written by: Tommy Carlton
• edited by: Rebecca Scudder
• updated: 6/6/2012
In Japanese, there are three different verbs that all mean "to be." Learn the conjugations of desu in present, past, and negative present and past tenses, and see several examples of its use. Also covers basic sentence structure.
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The Verb "To Be"
In English, the verb "to be" is by far the most commonly used verb. We use it for many different contexts, describing things, saying what we're doing, and stating facts or opinions, as well as many more. Some languages, however, have more than one verb for "to be," depending on the context and use of it. Japanese has three of these verbs, and knowing when to use each one is very important. The first, and most important of these verbs is "desu," which is the one we are going to study today.
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Before we learn when to use a verb, we need to cover the conjugations. In Japanese, you will typically learn four forms of every verb when you first learn it: the present tense affirmative and negative, and the past tense affirmative and negative. Here is the verb "desu" conjugated out:
Present Tense Aff. | Present Tense Neg. | Past Tense Aff. | Past Tense Neg.
As you can see, there are similarities between the different forms, but they are still different. You will see "desu" used in many different ways in Japanese, so it is important to be able to recognize each conjugation and know which tense it is.
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Desu - Descriptions and Facts
"I am a student. You are American. That is a blue car." These are all descriptions and facts, and they use the verb desu in Japanese. The basic sentence structure in English is:
[subject] + [verb] + [complement]
Those who have studied English grammar may note that I separated the predicate in verb and complement. What is a complement? It is everything "else" after the verb. In our examples above, "a student," "American," and "blue car" are all complements. In a longer sentence, such as "We are not happy about the price of the movie," everything after "We are not" is the complement. The reason I separate these is because Japanese uses a different sentence structure. This may seem complicated, but it is not too difficult to master, with practice. The basic sentence structure in Japanese is:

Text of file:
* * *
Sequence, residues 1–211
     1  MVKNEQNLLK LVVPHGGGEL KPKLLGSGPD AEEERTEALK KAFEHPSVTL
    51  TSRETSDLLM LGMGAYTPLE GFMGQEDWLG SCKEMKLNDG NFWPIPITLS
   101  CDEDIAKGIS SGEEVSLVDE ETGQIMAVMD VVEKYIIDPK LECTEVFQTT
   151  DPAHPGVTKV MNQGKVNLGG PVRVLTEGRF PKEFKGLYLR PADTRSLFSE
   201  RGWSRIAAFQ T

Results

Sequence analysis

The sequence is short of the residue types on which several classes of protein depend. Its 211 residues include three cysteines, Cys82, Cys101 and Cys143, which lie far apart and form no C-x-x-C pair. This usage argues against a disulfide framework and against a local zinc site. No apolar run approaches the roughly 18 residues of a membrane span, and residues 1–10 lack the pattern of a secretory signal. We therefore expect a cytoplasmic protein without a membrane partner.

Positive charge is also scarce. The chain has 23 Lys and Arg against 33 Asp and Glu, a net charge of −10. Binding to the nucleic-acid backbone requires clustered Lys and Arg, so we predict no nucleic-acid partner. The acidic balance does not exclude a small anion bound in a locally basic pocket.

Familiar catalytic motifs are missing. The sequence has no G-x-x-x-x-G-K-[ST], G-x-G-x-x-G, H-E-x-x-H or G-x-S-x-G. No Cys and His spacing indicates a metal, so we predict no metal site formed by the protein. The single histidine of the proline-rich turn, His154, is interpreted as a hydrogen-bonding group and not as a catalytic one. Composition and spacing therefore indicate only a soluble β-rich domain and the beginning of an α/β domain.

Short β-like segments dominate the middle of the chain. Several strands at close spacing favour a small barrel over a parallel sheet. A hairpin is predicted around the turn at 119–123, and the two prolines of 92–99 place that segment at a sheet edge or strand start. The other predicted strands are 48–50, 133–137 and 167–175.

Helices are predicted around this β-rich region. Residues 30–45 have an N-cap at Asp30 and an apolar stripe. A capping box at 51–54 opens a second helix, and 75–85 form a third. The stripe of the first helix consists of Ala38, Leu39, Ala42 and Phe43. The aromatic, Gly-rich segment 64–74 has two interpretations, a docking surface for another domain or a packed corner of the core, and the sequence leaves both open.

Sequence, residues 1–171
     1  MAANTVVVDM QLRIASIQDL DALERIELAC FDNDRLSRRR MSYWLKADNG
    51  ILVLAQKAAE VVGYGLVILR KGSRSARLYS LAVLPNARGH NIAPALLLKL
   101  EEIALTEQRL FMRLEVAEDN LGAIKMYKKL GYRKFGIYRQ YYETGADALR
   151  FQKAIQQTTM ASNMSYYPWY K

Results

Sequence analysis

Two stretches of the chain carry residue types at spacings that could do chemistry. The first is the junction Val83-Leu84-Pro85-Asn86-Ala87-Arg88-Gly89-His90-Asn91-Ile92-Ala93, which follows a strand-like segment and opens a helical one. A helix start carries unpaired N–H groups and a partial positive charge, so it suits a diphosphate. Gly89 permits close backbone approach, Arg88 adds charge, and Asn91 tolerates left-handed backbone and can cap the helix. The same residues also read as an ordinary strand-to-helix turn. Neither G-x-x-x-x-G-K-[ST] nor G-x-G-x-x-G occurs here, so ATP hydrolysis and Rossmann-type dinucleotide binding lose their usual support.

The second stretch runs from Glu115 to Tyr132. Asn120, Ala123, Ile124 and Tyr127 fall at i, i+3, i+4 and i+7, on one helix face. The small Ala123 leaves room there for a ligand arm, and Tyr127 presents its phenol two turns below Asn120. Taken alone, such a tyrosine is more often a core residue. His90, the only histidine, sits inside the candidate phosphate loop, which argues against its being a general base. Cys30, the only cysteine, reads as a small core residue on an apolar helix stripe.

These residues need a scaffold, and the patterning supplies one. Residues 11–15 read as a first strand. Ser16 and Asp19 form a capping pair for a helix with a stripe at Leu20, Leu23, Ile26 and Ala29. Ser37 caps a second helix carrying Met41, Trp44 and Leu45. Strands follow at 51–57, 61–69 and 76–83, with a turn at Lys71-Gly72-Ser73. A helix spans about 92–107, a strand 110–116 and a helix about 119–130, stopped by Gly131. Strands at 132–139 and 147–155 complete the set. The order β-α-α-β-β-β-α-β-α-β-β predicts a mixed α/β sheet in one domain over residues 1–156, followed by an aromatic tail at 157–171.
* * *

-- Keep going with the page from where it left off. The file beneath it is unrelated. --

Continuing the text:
[subject] + [complement] + [verb]
So to use those same examples, the Japanese word order would be "I a student am" or "That a blue car is." While it may seem difficult, just remember that the verb comes at the end of the sentence, and you will be ok. Here are some example sentences in Japanese:
Are wa nihon no eiga desu. (That is a Japanese movie.)
The grammar breaks down to [are ha] as the subject, [nihon no eiga] as the complement, and [desu] as the verb. Keeping the Japanese word order, we have "That a Japanese movie is." Here is another example:
Watashi wa amerikajin desu. (I am an American.)
Breaking down the grammar, [watashi wa] is our subject, [amerikajin] is our complement, and [desu] is the verb.
You may notice that each subject has the word "wa" with it. This is called a particle, and it plays a very important role in Japanese grammar, but is outside the scope of this article. For now, just know that the word "wa" by itself marks the topic of the sentence, which is often the subject as well.
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Here are several more examples of the verb desu, along with English translations:
Sensei wa nihonjin desu. (The teacher is Japanese.)
Kore wa anata no pen desu. (This is your pen.)
Sono hon wa takai desu. (That book is expensive.)
Takadasan wa bengoshi desu. (Mrs. Takada is a lawyer.)
Anata no otousan wa itariajin desu. (Your father is Italian.)
Watashi wa nihongo no gakusei desu. (I am a student of Japanese.)